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Re: Venus transit
« Reply #5 on: June 05, 2012, 10:48:55 AM »
Apparantly the trick for getting the black drop effect is to blur the shot a little. 

Luckily for me, I'm in Japan and we have a 7 hour window
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epsiloneri

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Re: Venus transit
« Reply #6 on: June 05, 2012, 11:06:16 AM »
Anyone know if that's dark enough? Or should I stop past the local camera shop on the way to work and see if they rent out ND10,000s?
If you live somewhere where the Sun will rise or set with Venus transiting, then you really don't need to go that dark (just as you often can shoot the sun during last part of sunset without filters). If you have the chance to catch the Sun before the transit event, i.e. today, you can try out your equipment beforehand and practice on a couple of sunspots that are on now, and that you should be able to catch. Venus will be much easier to get than those sunspots, though.
« Last Edit: June 05, 2012, 11:08:07 AM by epsiloneri »

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Re: Venus transit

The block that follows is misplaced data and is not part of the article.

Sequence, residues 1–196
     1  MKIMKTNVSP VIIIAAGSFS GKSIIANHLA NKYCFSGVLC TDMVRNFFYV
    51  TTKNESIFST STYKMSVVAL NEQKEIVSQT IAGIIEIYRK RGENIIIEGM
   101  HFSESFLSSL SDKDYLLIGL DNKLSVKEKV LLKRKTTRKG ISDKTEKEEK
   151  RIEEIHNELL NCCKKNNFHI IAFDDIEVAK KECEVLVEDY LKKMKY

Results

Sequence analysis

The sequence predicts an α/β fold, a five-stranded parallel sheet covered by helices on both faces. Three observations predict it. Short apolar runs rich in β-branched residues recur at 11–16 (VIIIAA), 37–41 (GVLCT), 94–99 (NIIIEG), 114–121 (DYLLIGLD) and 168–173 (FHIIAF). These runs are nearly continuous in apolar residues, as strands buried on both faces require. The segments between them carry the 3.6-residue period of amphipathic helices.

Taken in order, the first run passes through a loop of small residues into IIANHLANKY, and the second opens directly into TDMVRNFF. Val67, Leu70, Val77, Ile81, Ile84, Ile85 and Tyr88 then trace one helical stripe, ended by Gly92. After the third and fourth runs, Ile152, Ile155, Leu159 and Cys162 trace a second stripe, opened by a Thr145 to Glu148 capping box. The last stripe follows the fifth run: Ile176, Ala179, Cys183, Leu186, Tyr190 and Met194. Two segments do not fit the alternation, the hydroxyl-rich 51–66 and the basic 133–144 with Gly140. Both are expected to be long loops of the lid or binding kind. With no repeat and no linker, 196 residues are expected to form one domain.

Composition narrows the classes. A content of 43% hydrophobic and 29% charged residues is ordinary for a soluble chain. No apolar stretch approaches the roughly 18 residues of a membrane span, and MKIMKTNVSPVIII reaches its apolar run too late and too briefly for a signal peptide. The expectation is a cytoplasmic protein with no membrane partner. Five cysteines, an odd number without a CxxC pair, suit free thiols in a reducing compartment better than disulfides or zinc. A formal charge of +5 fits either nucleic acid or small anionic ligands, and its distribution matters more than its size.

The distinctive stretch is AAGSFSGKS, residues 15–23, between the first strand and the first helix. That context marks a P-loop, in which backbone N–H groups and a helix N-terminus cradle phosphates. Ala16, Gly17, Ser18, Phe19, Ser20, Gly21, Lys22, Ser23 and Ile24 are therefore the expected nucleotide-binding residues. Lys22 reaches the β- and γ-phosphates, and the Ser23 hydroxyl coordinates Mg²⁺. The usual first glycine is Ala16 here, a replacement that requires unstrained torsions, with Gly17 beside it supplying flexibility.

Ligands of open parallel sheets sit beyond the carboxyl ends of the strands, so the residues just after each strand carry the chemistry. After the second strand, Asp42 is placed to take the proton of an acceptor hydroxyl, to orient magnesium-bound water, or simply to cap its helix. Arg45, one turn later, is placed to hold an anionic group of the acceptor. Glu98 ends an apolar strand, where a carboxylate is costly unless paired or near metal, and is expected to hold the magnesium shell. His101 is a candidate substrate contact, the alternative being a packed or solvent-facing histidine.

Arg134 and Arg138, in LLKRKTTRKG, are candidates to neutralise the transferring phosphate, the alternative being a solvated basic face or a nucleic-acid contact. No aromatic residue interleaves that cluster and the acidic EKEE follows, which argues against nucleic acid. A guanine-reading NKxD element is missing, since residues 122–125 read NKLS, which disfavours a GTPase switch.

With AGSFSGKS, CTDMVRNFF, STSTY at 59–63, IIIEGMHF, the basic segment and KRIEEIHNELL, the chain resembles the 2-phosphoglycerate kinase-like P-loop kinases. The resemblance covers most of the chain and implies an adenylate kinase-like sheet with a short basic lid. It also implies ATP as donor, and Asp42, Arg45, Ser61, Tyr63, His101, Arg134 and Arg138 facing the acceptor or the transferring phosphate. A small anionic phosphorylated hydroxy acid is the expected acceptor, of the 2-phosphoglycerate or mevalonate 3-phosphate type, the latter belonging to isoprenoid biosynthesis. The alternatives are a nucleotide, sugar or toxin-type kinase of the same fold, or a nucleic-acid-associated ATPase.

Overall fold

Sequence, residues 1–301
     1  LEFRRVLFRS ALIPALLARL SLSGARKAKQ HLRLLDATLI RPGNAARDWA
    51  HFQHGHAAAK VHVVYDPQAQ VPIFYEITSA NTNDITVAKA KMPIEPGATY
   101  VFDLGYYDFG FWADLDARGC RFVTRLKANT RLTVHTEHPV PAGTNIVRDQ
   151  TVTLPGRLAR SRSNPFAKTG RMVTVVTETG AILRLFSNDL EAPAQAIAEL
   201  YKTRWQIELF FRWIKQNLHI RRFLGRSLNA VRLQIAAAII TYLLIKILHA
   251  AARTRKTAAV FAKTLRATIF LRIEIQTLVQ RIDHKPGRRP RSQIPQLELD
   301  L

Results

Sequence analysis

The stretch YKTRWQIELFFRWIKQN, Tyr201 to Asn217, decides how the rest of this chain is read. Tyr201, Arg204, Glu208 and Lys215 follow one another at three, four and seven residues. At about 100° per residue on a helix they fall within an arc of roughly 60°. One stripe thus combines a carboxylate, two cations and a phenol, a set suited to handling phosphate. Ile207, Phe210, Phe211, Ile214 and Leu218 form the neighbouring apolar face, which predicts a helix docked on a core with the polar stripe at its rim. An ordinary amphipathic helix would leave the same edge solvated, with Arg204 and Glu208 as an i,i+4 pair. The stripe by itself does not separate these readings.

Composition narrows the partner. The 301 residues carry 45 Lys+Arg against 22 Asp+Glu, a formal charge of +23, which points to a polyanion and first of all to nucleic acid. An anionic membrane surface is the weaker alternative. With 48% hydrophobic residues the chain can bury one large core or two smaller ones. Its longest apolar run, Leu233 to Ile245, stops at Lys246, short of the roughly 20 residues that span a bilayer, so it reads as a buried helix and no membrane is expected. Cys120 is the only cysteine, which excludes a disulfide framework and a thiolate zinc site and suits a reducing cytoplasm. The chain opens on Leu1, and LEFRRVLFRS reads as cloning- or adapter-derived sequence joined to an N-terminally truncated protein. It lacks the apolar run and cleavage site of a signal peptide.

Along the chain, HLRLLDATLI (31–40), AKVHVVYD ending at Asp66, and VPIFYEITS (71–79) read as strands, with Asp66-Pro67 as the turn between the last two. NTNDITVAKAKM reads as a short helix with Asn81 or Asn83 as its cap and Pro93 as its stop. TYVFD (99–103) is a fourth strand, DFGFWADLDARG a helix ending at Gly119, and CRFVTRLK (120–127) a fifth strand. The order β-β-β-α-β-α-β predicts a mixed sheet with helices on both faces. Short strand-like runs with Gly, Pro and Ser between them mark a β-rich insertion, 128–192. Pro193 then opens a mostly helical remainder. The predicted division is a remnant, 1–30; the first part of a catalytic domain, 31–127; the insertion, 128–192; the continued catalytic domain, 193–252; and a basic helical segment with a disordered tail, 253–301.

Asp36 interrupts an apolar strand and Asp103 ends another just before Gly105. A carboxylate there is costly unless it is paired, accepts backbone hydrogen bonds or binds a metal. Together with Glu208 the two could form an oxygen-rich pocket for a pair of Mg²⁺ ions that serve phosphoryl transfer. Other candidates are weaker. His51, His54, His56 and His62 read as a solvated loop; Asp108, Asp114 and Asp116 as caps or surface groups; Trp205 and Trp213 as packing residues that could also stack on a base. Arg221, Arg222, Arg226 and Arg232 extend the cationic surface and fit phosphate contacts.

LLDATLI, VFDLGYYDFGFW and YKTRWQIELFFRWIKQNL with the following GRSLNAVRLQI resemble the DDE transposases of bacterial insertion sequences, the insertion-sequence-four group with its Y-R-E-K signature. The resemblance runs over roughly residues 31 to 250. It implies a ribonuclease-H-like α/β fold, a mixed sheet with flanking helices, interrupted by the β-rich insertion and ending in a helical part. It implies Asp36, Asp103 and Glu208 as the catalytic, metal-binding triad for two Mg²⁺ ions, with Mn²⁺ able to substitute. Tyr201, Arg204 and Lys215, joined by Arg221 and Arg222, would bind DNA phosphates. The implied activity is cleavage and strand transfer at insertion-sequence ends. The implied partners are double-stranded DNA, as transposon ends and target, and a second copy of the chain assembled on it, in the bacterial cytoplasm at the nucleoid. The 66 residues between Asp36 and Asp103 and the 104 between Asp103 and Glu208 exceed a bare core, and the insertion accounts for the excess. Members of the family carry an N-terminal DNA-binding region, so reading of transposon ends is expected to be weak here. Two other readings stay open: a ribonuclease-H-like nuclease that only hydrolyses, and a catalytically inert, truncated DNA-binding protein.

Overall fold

« Reply #6 on: June 05, 2012, 11:06:16 AM »

awinphoto

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Re: Venus transit
« Reply #7 on: June 05, 2012, 11:36:28 AM »
Where I am it's starting around 3pm my time and ending well past sunset our time.  I will take a whack at it if clouds work well for me...  Got a filter used for the eclipse... flimsy film, not solid glass filter, but worked well last time.  Prob wont be as "wowing" as the annual eclipse but once in a lifetime things anyways. 

Canon 5d III, Canon 24-105L, Canon 17-40L, Canon 70-200 F4L, Canon 100L 2.8, 430EX 2's and a lot of bumps along the road to get to where I am.

TrumpetPower!

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Re: Venus transit
« Reply #8 on: June 05, 2012, 03:21:57 PM »
Yeah, I only just found out about it an hour ago and just packed a whole lot of stuff to take to work tomorrow (will be a lunch-hour shoot).
Jupiter 250/3.5, two 2x TCs (so 1000mm f/14 to f/64), ND400, ND8 stacked, will that be enough? (add an extra Kenko 1.4xTC if i have to).

That'll probably be enough to prevent the Sun from being photographically overexposed, but I still wouldn't look through the viewfinder at all or leave the camera pointing at the Sun for more than a few seconds at a time (use live view to frame and focus). The Sun puts out an awful lot of energy at wavelengths neither you nor your camera can see, and that energy can and will fry your eyes without you feeling a thing or burn a hole in the shutter curtains or do any number of other nasty things.

You know that trick of starting a fire by using a magnifying glass? You know what a camera lens is? And the trick still works with the bottom of a coke bottle....

I'll have the 400 f/2.8 with a Baader solar viewing telescope filter. The filter will probably come off a couple minutes before the Sun reaches the Phoenix skyline...at which point it'll be live view for the camera.